Objective: This research was conducted to examine the effect of cognitive processing therapy and holographic reprocessing on the reduction of posttraumatic cognitions in students exposed to trauma.
Method: This was an experimental study with spread pretest-posttest randomized groups design. Statistical society of this research consisted of male freshman, junior and senior high school students of Uremia (N=10286). Utilizing Traumatic Events Screening Inventory, and SCL-90 R on 1000 randomly selected high school students, 129 students were recognized as having experienced traumatic events. Of the subjects, 60 were selected randomly. Then, clinical interview was conducted, and the selected sample was randomly assigned in to three groups of cognitive processing therapy, holographic reprocessing and control. These groups responded to Posttraumatic Cognitions Inventory in pretest and post test. Differences of pre-post test scores were analyzed using one way ANOVA and Scheffe test.
Results: The results demonstrated significant differences between the three groups in total score of the Posttraumatic Cognition Inventory. Difference was also observed in negative cognitions on self and self-blame dimensions. Furthermore, these two therapeutic methods were equally effective in the reduction of posttraumatic cognitions.
Conclusion: It appears that cognitive processing therapy and holographic reprocessing which had been originally developed and tested for sexually assaulted females, can also be applied for the victims of other traumatic events, particularly adolescents.
Keywords: Cognitive therapy, Holography, Post traumatic stress disorder
Iran J Psychiatry 2011; 6:138-144
Exposure to traumatic events is common, with estimated lifetime rates ranging from 26 to 92.2 percent in men, and 17.7 to 87.1 percent in women (1, 2, 3, 4). In the National Comorbidity Survey, 60.7% of American adults reported experiencing at least one traumatic event during their lifetime; of them, 8.2% of men ,and 20.4% of women developed posttraumatic stress disorder (PTSD)(5). More than half of children and adolescents in the United States, have experienced at least one traumatic event such as child abuse, sexual assault, domestic violence, community violence, bullying, serious accidents, fires, disasters, medical trauma, or the traumatic death of a loved one. Approximately a quarter of the exposed children developed significant symptoms, especially the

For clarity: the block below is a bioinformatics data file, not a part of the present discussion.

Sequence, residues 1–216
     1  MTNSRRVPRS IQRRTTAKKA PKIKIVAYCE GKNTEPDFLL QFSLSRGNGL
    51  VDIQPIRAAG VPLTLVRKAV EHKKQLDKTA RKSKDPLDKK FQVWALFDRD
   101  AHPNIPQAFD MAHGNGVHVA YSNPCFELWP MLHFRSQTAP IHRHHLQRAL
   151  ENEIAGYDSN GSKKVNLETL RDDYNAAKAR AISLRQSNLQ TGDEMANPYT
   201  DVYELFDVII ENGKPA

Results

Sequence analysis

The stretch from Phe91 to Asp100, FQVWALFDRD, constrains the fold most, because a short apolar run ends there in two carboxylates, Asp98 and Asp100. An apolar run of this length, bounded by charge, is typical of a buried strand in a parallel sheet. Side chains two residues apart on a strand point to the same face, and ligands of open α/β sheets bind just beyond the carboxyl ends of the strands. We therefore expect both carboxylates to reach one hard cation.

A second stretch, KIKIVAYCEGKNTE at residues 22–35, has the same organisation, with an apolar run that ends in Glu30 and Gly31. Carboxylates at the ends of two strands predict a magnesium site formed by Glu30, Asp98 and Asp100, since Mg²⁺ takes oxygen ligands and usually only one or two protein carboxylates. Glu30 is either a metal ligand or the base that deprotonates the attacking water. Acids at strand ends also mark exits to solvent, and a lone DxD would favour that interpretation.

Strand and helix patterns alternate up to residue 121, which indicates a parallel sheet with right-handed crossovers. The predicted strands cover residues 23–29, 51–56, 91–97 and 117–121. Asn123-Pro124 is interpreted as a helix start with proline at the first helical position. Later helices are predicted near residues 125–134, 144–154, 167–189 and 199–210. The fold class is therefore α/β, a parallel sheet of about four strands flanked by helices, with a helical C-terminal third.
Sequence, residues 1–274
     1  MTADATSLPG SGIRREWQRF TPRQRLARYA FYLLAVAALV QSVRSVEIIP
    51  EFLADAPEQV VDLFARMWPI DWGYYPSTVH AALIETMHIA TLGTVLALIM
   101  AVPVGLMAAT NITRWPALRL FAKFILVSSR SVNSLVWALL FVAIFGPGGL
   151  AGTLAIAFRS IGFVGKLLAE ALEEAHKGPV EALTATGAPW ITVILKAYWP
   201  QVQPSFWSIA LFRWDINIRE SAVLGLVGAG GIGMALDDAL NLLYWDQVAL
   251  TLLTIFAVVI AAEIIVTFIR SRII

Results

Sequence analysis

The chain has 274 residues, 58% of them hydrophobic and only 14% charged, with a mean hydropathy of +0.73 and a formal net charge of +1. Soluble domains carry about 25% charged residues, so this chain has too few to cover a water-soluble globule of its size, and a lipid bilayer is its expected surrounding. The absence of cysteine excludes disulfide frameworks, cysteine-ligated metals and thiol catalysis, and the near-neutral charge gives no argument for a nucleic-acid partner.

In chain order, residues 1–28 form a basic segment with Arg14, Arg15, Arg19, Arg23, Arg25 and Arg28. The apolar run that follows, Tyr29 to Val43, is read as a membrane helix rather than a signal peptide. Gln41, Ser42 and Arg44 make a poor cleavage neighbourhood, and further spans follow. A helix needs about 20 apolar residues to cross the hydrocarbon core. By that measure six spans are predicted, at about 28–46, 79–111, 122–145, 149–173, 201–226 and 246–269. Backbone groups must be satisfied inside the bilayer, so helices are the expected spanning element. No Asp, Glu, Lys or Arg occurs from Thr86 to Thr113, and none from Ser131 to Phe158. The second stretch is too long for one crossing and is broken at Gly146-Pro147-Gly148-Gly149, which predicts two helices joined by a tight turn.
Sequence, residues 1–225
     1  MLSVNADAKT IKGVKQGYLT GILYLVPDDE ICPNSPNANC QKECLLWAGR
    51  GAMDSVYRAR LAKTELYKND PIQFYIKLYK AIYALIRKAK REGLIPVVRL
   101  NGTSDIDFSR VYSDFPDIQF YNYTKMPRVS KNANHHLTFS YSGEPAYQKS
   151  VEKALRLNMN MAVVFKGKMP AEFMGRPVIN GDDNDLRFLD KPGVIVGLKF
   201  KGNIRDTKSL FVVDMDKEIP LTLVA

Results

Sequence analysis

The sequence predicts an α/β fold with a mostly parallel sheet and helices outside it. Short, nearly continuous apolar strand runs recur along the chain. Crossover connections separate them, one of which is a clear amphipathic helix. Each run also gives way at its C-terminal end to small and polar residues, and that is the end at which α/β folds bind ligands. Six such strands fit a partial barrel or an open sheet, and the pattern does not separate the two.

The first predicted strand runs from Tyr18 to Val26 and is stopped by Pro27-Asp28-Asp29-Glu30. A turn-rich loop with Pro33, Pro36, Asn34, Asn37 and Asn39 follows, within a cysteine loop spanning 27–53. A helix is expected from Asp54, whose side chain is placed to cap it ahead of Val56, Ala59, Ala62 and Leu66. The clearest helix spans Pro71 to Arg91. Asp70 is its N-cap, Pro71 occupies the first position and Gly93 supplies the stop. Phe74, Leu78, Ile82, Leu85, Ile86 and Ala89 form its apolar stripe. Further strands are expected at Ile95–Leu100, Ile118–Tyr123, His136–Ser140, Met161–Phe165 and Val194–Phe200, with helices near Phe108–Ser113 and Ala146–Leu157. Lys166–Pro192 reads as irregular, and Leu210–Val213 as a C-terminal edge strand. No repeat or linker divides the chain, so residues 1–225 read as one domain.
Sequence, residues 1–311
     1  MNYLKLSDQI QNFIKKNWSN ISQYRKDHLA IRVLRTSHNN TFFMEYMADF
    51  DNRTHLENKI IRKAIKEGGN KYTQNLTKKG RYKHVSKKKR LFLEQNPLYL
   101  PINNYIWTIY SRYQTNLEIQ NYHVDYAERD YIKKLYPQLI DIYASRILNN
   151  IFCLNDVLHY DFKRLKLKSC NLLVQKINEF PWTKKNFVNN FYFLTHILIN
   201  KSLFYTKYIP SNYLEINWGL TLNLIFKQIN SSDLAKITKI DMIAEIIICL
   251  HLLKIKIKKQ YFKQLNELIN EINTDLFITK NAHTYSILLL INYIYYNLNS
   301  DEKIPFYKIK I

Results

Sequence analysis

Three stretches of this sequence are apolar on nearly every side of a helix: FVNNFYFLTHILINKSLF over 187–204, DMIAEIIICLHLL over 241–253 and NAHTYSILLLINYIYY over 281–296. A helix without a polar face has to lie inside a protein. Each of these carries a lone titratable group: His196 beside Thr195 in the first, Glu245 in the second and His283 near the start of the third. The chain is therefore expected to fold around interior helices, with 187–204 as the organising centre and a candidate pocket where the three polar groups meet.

symptoms of PTSD related to the experienced traumatic event (6).
Traumatized people are at an increased risk for other psychiatric and medical conditions. These negative
effects are not restricted to childhood, but are also seen in adults. In adulthood, survivors of early childhood traumas are at the risk of PTSD as well as other
anxiety, affective, addictive, psychotic, and personality disorders (7); besides, they might be in danger of re-victimization (8). In the cognitive view, following a trauma, survivors typically adopt negative perceptions about the self and the world (9). It was proposed that these negative cognitions about trauma and/or its sequel may produce serious current threat, which is critical to persistent PTSD (10).
Although exposure to some stressful and traumatic events in children and adolescents is inevitable, identifying, diagnosing and offering early effective therapies can prevent them from the subsequent outcomes. Current studies have questioned the efficacy and safety of pharmacological interventions in the treatment of posttraumatic symptoms in adolescents, as they are in the developmental stage. Some years ago, the prominent approach in the treatment of traumatized children was cognitive behavioral therapy (CBT). The application of this method in the treatment of physically and sexually abused children and adolescents has attained strong evidences for supporting its effectiveness on the reduction of psychiatric symptoms (11). By studying groups of patients with PTSD, Foa and Rauch reported that negative cognitions about self are reduced following prolonged exposure therapy (12). The application of CBT in the treatment of psychological symptoms related to other traumatic evens has attained variable effect sizes. This problem caused researchers to follow the trauma -focused psychotherapies in the treatment of traumatized children and adolescents (11).